This week we are featuring another personal story from one of our our David’s Gift families. Today’s story is from Irene, whose son 13 year old son Lachlan has diagnosed with both Asperger’s syndrome and ADHD. Her explanation of how a rewards chart works for Lachlan may give other parents some ideas about how to implement this in their families.
My name is Irene. My husband Jim and I have two children. Emily is 17 years old and Lachlan is 13.
Lachlan was diagnosed at age 7 with Asperger’s and ADHD. He was always an active child. His speech developed normally and all the major milestones were reached at the appropriate age. Someone once mentioned that Lachlan never maintained eye contact. I was always very worn out. When I took Lachlan to playgroup, he was always running about and I always seemed to be chasing him. It also took a lot of effort to get his attention when we were transitioning etc.
Lachlan began pre-school at age 4 and they were a little concerned about his listening and gross motor skills.
I had him assessed by an Early Childhood Organisation. They reported that there was nothing too major and he would be OK to begin school at age 5.
Within the first week of Kindergarten, Lachlan’s teacher asked me if Lachlan had had his hearing checked. He did not seem to be responding in the classroom. Now I was concerned. After a visit to the school counsellor, a hearing test was organised. All was normal, but speech therapy began for receptive and expressive language delays. I also noticed that Lachlan was constantly asking questions repeatedly.
Two years later, we got the diagnosis of Asperger’s Syndrome/ADHD. We were totally devastated, especially after reading the prognosis on the internet. This could not be happening to our son. And us!
Time went by and Lachlan attended a different school from Year 3. (IM class). Primary school went OK but there were obvious social problems. When Lachlan was in Year 5, we made a transition into our new home and were staying with grandparents in the interim. This change in routine was terrible for us as a family. Lachlan became very aggressive and we were at our wits end trying to control all situations.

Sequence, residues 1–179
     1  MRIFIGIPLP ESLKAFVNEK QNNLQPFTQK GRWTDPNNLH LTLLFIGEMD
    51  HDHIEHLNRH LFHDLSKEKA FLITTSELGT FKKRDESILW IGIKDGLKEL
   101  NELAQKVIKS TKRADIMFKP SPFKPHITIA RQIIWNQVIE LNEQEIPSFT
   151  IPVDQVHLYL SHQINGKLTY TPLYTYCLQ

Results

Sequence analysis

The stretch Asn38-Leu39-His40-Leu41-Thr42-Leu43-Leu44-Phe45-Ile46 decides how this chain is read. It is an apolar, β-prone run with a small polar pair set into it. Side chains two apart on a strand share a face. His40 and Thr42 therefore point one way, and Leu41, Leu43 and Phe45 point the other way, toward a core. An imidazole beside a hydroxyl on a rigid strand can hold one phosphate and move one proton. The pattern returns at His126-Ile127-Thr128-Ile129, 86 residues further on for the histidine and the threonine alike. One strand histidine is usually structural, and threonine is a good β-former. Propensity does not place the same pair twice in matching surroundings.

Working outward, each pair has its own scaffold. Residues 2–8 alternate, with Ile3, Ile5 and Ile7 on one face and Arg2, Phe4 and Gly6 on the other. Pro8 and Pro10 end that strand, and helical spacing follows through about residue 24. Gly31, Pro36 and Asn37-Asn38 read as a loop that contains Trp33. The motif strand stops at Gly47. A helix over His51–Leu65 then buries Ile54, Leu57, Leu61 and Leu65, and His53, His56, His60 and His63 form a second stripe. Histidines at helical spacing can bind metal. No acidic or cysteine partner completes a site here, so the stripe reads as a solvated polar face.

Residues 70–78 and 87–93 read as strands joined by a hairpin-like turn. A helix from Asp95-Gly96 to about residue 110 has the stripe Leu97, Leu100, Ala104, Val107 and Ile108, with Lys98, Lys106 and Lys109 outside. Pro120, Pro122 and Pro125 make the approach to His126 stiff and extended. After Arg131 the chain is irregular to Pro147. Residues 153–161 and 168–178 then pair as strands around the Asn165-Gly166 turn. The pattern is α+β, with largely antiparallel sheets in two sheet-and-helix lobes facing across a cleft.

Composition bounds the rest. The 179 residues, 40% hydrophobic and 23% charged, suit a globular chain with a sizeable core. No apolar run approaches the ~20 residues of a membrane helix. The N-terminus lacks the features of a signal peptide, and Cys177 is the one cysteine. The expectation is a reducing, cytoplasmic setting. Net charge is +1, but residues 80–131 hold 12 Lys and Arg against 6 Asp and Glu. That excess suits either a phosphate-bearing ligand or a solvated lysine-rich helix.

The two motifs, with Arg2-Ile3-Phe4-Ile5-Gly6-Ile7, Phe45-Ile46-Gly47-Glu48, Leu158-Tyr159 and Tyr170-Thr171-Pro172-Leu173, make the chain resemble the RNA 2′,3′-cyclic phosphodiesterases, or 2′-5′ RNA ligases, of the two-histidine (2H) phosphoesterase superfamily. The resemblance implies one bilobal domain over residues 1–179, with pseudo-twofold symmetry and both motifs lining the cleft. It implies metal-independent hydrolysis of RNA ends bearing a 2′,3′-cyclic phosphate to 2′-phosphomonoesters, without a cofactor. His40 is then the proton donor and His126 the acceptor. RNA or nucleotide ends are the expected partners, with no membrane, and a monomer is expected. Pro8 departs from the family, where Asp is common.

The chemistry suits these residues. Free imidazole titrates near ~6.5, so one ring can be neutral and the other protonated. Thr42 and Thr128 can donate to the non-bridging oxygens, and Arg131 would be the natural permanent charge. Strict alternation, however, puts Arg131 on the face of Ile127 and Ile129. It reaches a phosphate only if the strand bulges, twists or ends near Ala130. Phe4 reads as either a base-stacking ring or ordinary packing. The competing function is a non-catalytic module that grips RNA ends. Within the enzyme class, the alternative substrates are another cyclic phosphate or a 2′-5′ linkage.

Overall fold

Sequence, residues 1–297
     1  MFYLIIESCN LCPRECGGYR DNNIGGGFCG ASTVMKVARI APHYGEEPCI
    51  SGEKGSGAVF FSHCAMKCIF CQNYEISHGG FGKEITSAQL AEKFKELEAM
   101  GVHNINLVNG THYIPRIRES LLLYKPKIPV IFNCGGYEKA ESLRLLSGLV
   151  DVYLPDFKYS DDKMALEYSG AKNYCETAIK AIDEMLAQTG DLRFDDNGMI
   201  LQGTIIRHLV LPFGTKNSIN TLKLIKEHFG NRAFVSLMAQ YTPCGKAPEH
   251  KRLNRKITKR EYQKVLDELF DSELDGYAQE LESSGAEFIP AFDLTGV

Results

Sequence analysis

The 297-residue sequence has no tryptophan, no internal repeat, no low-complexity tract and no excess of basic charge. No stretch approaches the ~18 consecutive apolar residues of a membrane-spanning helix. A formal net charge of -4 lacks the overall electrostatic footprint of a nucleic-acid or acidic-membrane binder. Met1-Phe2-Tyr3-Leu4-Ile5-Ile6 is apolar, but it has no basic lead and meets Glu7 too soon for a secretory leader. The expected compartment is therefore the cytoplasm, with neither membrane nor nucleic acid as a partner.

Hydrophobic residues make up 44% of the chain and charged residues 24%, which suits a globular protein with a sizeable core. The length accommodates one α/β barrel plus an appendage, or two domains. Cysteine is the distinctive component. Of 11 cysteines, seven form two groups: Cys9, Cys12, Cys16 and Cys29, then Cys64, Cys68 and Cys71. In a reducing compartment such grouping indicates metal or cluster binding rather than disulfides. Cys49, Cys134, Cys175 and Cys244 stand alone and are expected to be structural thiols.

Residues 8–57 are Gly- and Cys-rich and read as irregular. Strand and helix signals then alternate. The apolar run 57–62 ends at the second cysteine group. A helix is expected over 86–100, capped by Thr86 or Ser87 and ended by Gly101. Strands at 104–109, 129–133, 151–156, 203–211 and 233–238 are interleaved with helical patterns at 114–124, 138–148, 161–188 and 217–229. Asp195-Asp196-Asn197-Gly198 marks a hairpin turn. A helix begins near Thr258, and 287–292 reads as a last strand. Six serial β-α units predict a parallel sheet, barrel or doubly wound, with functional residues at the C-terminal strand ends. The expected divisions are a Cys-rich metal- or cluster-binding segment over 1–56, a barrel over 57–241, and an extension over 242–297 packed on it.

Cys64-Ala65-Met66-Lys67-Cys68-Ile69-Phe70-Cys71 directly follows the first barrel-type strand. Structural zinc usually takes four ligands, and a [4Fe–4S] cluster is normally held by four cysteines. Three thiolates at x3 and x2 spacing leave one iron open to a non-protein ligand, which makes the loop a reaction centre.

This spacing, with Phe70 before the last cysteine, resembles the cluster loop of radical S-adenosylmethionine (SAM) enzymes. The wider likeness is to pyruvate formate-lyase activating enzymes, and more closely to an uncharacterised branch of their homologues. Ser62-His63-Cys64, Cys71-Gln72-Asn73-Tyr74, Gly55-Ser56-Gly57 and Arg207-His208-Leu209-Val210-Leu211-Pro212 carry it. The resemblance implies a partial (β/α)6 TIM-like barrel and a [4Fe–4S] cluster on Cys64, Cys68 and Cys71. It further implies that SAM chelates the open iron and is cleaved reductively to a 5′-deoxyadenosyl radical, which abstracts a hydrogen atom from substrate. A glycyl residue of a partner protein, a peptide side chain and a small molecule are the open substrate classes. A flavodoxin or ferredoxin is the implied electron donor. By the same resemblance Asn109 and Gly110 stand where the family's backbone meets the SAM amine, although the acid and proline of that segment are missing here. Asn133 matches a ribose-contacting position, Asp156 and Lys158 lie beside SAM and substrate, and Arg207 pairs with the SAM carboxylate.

We changed pediatricians and found a very informed, capable professor who suggested medication. All the natural therapies and behaviour management classes tried previously were not helping. We had a case worker helping us as a family. Our daily lives were in turmoil, with every minute of every day being a challenge. He would be outside at all hours screaming and swearing uncontrollably. We had Lachlan upsetting the new neighbours and we felt very isolated and self conscious. We got assistance from a case worker at Northcott Disability Services who gave us strategies for managing Lachlan. I attended a Behaviour Intervention Course run by ASPECT and got follow up assistance from a case worker there also. This helped a little.
The medication was a lifesaver. I don’t think we would have survived this otherwise. Lachlan went from an angry, aggressive, abusive child to a loving, caring, calm child I thought that I had lost.
Lachlan began high school (IM class) and went OK for the first two terms. Then the social problems became worse. To cut a long story short, Lachlan received three suspensions in Terms 3 and 4. Year 8 brought forth three more suspensions in the first 6 weeks of school.
After much assistance and pure good luck, in March, Lachlan secured a spot in a new high school, (autism specific class). Things are going better, with the staff and I working together to manage each day.
We have found that a Home/School reward chart works well for Lachlan. I typed up a chart stating all of Lachlan’s periods and a space for the teacher’s to sign and comment. Three rules are to be followed by Lachlan, such as Follow Teacher’s Instruction, Complete Work, Speak Nicely to Others. Lachlan’s reward each day is two pieces of his favourite chocolate. This really motivates him.
Lachlan has a kind nature, and loves his flight simulator on his computer. He has a wide knowledge of the Titanic disaster, New York and Geography. He adores his grandfather, who is very patient and kind, spending many days together on the farm and in his shed. They even built a raft together to use in the dam. Lachlan also has many aunties, uncles and cousins who are always there to listen to his current special interests.
We take one day at a time, with my husband constantly updating Lachlan’s computer simulator with new planes etc. He also takes Lachlan to the city, which he loves and to libraries to read up on his interests. Lachlan plans to visit New York one day and is very excited that April, 2012 will be the 100th anniversary of the sinking of the Titanic.
Every day is a challenge. But we cherish the good moments.
Have you worked with a reward system similar to what Irene has set up? If so, please let us know what worked for you.